NC Council of State turns red

With many close statewide still hinging on absentee and provisional ballots, Republicans pick up key posts

Madeline Gray | North State Journal
Lt. Gov.Dan Forest delivers his closing remarks during a debate with Democratic challenger Linda Coleman at Barton College in Wilson on Sept. 13. Forest won re-election Tuesday.

RALEIGH — After Tuesday’s elections, Republicans now make up the majority of North Carolina’s Council of State, winning races that have historically gone to Democrats.
Given that the jury is still out on who will officially occupy the Mansion on Blount Street, the new makeup of the Council could either offer balance to a new Democratic governor, or add extra ideological backing to Gov. McCrory in a potential second term. The gubernatorial election is poised to head for a recount as less than 5,000 votes separate McCrory and Democrat challenger Attorney General Roy Cooper, with absentee and provisional ballots still outstanding.
Lt. Gov. Dan Forest (R) was able to run to victory over challenger Linda Coleman by 300,000 votes.
As Cooper vacates his chief law enforcement post regardless of the outcome of the gubernatorial race, it appears his former understudy, and former state senator, Josh Stein (D-Raleigh) will replace him as North Carolina’s Attorney General.
Stein secured a slim lead over Republican opponent Sen. Buck Newton (R-Wilson) of less than half a percentage point. Still, the difference of approximately 20,000 votes may prove difficult for Newton to overcome as absentee ballots are counted in the coming days.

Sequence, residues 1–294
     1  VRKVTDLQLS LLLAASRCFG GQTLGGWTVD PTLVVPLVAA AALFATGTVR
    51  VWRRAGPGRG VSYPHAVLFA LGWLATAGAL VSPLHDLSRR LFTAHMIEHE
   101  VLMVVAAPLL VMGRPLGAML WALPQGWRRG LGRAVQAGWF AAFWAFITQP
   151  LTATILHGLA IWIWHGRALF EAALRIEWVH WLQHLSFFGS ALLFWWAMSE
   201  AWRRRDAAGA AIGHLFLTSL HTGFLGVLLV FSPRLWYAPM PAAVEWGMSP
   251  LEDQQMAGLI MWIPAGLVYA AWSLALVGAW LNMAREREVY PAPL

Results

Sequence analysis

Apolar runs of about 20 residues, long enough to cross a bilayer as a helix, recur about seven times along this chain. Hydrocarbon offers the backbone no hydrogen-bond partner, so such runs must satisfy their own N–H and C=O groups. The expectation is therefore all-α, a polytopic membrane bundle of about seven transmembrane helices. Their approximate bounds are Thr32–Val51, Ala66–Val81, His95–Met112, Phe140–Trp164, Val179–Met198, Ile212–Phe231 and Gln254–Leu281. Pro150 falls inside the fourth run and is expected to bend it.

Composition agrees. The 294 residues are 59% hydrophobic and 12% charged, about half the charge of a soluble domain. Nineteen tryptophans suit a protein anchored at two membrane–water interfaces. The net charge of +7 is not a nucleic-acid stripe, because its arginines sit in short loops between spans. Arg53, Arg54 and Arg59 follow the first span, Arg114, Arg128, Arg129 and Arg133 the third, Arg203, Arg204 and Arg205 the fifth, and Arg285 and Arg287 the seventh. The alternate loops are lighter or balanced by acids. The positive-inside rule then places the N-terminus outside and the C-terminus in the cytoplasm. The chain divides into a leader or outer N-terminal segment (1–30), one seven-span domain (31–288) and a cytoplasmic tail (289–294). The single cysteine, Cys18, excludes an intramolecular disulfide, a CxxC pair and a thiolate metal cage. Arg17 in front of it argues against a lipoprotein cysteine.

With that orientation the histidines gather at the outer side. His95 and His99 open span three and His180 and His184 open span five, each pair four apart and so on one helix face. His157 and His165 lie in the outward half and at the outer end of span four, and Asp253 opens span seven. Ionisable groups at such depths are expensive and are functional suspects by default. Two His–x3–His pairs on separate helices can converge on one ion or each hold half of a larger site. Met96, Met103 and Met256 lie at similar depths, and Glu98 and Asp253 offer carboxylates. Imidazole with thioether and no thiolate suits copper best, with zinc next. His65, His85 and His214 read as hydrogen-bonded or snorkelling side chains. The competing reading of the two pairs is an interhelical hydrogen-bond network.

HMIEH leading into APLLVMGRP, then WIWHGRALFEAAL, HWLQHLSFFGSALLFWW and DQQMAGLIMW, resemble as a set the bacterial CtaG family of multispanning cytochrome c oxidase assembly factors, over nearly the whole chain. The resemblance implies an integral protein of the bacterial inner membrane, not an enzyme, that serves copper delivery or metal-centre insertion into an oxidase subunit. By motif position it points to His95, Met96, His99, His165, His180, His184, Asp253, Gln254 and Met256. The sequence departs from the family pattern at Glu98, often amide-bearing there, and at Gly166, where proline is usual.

With an even closer margin of apparent victory, incumbent State Auditor Beth Wood (D) leads Republican Challenger Chuck Stuber by less than 4,000 votes after election night. Though, as thousands of outstanding ballots have yet to be counted, a switch in the lead is possible. A final margin of less than 10,000 votes could also spark a call for recounts.
Twenty-year incumbent Secretary of State, Elaine Marshall (D) has retained her post on the council for Democrats, fending off her Republican challenger Michael LaPaglia with a healthy margin of 200,000 votes.
Incumbents on the Republican side also had solid victories to retain their respective posts.
Commissioner of Agriculture, Steve Troxler (R), and Commissioner of Labor Cherie Berry (R) both won their races by more than 10 percentage points, earning the pleasure of serving North Carolinians for four more years.
The remaining Council of State races represent gains by Republican office-seekers, one in an open race.
Former Republican state legislator and Mccrory administration stalwart, Dale Folwell, bested Democrat Dan Blue III, a bond attorney and son of current state Sen. Dan Blue (D-Raleigh). Folwell’s win has him replacing eight year incumbent Democrat Janet Cowell, the first woman to hold the post, who chose not to seek re-election.
Incumbent Superintendent of Public Instruction, Democrat June Atkinson, was seeking re-election, but in one of the election’s biggest surprises Atkinson was outmatched by Republican challenger Mark Johnson. Like Cowell, she was the first woman to serve in as superintendent and held the post of more than a decade.
Finally, in the race for Commissioner of Insurance, two-term incumbent Democrat Wayne Goodwin lost to Republican challenger Mike Causey by 40,000 votes. Causey has been a perennial candidate for office in myriad statewide and regional races, having run for, and lost, the top insurance regulatory role in four previous tries.